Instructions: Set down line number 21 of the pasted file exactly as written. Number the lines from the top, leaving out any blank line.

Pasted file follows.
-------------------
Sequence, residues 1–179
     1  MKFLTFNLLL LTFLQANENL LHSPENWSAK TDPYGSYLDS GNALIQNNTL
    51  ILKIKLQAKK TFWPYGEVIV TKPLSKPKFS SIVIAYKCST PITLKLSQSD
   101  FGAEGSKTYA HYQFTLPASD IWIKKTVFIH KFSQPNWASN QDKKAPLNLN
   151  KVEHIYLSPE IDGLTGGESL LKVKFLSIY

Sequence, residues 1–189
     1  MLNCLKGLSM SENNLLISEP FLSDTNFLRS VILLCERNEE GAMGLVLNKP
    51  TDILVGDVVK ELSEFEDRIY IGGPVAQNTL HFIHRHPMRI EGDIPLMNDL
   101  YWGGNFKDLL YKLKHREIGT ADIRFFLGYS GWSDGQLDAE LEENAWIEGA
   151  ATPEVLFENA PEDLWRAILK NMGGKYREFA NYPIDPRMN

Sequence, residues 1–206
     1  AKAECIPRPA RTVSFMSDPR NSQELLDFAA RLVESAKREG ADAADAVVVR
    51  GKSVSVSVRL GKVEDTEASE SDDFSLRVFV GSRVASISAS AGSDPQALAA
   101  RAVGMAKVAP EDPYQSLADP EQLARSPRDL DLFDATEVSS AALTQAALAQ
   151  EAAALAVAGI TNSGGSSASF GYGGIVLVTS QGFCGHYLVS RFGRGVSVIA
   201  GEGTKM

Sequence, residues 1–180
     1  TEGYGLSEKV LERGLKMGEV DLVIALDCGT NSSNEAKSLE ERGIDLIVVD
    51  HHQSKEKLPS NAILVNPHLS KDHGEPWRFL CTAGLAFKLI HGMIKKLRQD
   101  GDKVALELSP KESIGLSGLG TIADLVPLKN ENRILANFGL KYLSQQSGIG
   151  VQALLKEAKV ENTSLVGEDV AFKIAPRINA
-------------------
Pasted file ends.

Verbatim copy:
   151  VQALLKEAKV ENTSLVGEDV AFKIAPRINA